If there were any doubts about whether more federal helicopter money would be falling from the sky, those doubts should have been erased by several major events that happened last week.
The latest event—which likely sealed the deal—was the December jobs report, which showed the economy losing 140,000 jobs, the first drop in payrolls since last April. If Congress needed another reminder of how many people are still suffering out there and that more help is needed, that should do it.
The second event was the Democrats prevailing in the special elections for Georgia's two Senate seats, giving the party an effective majority in that body to continue holding on the House. On paper, of course, both parties have 50 seats in the Senate. But let's not forget that Vice President Kamala Harris will hold the tie-breaking vote.
But her vote probably won't be needed in the current political environment. While the Democrat majority seems razor-thin, if existent at all, we can be fairly certain that votes in favor of more stimulus will be much greater than that and bipartisan, thanks to the riot on Capitol Hill on Thursday. In light of what happened, how many Republicans do you think will be brave enough to vote against the Democrats on just about anything, particularly more stimulus checks, which many of them already favor?
It's hard to believe that soon-to-be-former Senate Majority Leader Mitch McConnell will stand in the way of more stimulus checks like he did last month, especially after his wife, Transportation Secretary Elaine Chao, resigned from the Cabinet last week in the wake of the riots. (I bet you didn't know that McConnell and Chao were married; talk about a Washington power couple).
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And of course, while all this is going on, the news on the Coronavirus front just seems to be getting worse. While it's a good thing for the economy that there hasn't been a major shutdown like there was last spring, the fact is that more people are contracting the virus, and more people are dying. Meanwhile, the rollout of the various vaccines seems to be going a lot slower than previously anticipated.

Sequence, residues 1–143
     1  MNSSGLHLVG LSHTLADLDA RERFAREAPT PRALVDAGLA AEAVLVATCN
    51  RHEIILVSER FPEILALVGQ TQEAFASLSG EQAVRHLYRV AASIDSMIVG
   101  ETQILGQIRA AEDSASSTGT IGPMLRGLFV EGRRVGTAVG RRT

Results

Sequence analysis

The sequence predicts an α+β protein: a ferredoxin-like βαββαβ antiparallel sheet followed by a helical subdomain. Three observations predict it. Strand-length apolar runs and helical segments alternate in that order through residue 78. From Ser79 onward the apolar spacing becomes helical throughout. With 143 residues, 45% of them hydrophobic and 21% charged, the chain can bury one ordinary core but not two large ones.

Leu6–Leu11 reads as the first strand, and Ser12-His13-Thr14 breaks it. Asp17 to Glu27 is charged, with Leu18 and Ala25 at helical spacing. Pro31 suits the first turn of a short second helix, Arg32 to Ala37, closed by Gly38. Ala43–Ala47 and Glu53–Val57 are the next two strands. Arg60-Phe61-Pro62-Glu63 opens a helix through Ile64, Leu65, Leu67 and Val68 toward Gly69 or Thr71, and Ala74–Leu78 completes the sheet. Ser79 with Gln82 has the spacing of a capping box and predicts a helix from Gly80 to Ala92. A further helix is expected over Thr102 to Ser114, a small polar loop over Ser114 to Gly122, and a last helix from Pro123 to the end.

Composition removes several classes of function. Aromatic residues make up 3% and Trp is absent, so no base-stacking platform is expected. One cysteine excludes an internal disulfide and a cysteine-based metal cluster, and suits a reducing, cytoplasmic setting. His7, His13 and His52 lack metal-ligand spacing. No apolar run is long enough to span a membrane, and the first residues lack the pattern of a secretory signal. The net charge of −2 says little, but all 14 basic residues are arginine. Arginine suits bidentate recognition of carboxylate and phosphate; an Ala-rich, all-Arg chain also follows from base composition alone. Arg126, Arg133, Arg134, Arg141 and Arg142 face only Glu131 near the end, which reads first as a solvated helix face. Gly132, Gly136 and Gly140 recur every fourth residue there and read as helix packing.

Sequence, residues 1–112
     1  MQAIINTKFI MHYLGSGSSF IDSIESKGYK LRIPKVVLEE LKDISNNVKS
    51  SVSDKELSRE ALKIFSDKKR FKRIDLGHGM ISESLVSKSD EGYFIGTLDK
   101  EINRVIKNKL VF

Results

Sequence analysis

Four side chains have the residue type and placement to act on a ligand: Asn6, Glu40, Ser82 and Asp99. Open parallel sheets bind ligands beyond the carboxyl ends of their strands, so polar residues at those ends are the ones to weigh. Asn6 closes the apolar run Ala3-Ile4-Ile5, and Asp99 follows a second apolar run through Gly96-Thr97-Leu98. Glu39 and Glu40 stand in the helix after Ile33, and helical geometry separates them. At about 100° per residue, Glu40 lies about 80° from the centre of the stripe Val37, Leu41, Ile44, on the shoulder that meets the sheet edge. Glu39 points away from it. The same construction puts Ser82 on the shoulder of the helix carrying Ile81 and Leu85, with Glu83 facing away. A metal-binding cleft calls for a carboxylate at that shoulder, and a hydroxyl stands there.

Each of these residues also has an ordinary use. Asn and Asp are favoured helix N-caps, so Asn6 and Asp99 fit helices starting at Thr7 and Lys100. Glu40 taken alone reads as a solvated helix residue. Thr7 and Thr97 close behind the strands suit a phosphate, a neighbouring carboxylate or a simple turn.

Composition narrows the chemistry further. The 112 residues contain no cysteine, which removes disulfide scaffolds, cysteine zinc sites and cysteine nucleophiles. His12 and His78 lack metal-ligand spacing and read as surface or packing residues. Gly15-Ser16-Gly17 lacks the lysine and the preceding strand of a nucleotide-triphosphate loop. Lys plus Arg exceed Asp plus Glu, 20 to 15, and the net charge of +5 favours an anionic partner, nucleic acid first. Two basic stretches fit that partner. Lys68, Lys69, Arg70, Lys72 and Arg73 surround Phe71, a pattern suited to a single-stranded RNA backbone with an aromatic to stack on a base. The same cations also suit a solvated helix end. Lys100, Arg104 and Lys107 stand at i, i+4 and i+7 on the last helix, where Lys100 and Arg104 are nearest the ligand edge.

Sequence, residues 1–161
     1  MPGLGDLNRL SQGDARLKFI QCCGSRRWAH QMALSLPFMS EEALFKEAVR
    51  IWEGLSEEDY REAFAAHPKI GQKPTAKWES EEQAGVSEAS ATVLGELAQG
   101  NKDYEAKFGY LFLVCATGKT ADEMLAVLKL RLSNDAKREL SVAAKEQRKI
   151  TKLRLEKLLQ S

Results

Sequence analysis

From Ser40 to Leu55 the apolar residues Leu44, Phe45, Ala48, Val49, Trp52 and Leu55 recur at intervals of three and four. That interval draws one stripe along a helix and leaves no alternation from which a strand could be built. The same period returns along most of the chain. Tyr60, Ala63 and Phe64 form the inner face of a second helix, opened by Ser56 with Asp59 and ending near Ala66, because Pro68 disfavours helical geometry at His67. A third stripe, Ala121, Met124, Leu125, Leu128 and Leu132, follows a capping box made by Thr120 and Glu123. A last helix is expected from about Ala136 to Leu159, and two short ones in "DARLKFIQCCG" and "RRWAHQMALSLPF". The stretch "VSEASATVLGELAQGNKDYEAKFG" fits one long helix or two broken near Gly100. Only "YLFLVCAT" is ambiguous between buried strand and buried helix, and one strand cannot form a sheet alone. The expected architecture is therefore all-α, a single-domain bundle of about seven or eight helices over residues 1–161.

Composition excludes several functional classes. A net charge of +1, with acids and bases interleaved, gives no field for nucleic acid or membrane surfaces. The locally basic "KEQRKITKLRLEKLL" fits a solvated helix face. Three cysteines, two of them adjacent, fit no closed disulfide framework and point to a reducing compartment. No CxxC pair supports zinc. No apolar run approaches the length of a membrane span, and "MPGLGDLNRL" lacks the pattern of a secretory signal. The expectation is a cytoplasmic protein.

If all of those things don't argue for more stimulus checks, and as quickly as possible, I don't know what does.
Late last year, you remember, soon-to-be-former President Trump urged Congress to increase the $600 stimulus checks to $2,000, a suggestion that was immediately seconded by Democrat leaders in Congress, probably the first time they had agreed with Trump on anything in the past four years. So with the Republicans likely to be cowed into submission in the face of the riots in the Capitol building last week, the Democrats strutting as if they have a 25-seat Senate majority and President-elect Joe Biden champing at the bit to sign a stimulus bill, another direct deposit by the secretary of the Treasury will probably be making its way into your bank account pretty soon.
Not that anybody cares anymore, but who is going to pay for all this, you ask? Why, you and me—and no one. Biden is also itching to undo Trump's tax cuts and raise taxes on "the rich," who always know how to avoid taxes. And corporations just pass the cost of them on to their customers. In the interim, the Federal Reserve stands ready as always to swallow up all that government debt and pump more money into the economy from the monetary side.
Inflation got you worried? Right now, given the weakness of the economy, there doesn't seem to be any kindling to ignite inflation in the near future, no matter how much money the government is spending. And even if that unlikely event were to occur, the Fed has already assured us that it is prepared to ignore higher inflation for at least a few years, 2023 at the earliest. Meanwhile, the largesse from Washington will continue apace.
So if you think last week's chain of events was a bad thing, you're looking at it the wrong way. On Wall Street, bad news is good news and vice versa. So relax and enjoy the money. You earned it.
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INO.com Contributor - Fed & Interest Rates
Disclosure: This article is the opinion of the contributor themselves. The above is a matter of opinion provided for general information purposes only and is not intended as investment advice. This contributor is not receiving compensation (other than from INO.com) for their opinion.